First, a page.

• Exclusive:  Dr Chike Emeagi explained it’s possible for the coronavirus to survive long enough on the flat surface of a card reader to be transferred to your card
  • Compared to touching door knobs and explained that germs can hide in the nooks and crannies of watches, rings, credit cards and bank notes
  • He recommends disinfecting your cards and jewellery once a week
  • Coronavirus symptoms: what are they and should you see a doctor?

A GP has revealed how debit and credit cards can carry microbes from those who have used the same card reader before you, including bacteria such as salmonella and E.Coli.

Former orthopaedic surgeon Dr Chike Emeagi, Medical Director of Hampstead Aesthetics Clinic and Dr Chike Clinics, told FEMAIL that while the risk is low, it is still possible for the coronavirus bacteria to survive long enough on the flat surface of a card reader to be transferred to your card. 

He explained that germs can hide in the nooks and crannies of watches, rings, credit cards and bank notes, and recommends disinfecting your cards and jewellery once a week.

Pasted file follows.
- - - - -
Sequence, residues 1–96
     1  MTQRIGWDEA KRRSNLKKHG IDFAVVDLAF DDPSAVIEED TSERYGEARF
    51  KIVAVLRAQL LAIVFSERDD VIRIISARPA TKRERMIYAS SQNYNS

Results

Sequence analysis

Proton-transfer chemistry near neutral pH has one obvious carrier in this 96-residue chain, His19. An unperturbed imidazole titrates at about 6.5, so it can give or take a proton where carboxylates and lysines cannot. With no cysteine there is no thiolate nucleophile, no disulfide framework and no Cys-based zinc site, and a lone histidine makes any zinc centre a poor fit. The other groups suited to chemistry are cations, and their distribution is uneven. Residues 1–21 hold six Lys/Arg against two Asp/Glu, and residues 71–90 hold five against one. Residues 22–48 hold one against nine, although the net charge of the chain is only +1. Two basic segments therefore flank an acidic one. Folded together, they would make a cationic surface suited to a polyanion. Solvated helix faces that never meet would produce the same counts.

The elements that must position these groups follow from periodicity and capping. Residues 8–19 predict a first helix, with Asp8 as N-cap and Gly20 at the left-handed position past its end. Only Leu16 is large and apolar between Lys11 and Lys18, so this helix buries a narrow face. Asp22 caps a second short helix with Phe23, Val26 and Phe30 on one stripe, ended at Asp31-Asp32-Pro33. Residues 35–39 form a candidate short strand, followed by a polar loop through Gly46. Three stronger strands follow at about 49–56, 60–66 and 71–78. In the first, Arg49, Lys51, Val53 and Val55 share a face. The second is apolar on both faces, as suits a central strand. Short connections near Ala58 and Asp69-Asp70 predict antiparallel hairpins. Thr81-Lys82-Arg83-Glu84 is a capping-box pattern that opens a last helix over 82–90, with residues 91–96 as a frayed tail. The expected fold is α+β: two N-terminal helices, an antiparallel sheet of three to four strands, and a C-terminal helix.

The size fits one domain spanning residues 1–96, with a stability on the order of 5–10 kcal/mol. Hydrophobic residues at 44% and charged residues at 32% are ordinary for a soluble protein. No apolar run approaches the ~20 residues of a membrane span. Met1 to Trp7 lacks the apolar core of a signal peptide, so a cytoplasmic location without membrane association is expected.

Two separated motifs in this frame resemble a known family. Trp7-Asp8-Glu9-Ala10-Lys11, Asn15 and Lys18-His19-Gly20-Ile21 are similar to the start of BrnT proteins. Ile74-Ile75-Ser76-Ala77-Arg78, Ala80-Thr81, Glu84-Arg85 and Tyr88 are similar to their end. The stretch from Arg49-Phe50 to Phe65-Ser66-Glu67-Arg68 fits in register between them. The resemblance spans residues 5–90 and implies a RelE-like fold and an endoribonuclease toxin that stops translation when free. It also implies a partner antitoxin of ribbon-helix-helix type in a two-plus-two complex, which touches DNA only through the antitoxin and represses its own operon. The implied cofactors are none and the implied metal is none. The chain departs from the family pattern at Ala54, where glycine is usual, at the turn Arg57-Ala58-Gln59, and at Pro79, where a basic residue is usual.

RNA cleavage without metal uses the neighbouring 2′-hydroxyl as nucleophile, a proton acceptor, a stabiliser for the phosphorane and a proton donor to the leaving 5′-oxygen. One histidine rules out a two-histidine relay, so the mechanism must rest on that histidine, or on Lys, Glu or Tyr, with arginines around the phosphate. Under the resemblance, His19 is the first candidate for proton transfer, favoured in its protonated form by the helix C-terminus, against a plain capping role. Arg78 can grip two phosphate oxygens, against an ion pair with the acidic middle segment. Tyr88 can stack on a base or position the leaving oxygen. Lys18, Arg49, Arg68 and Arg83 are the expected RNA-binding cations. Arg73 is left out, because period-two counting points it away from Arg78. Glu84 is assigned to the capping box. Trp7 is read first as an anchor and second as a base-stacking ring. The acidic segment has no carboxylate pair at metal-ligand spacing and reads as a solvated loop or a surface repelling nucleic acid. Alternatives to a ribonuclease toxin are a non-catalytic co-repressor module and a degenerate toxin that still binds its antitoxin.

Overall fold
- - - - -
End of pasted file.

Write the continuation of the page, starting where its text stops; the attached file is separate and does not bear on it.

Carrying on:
Comparing credit cards to touching door knobs and handles, he suggested using disinfectant wipes to clean cards, and warm water and soap for jewellery. 

British GP Dr Chike Emeagi explained it’s possible for the coronavirus bacteria to survive long enough on the flat surface of a card reader to be transferred to your card (stock image used)

Dr Chike said: ‘I can certainly envisage a scenario where your card could be contaminated with microbes from those whom have used the exact same card reader previously. 

‘Germs can hide in nooks and crannies in objects including watches, rings, credit cards, coins and bank notes – things we ordinarily would not worry about.

‘Because of limited knowledge of this virus and how it came about extreme vigilance to hygiene is paramount.  

‘The issue is that from an infection point of view, handling a credit card is similar to touching any other surface – doorknobs, stair-rails etc.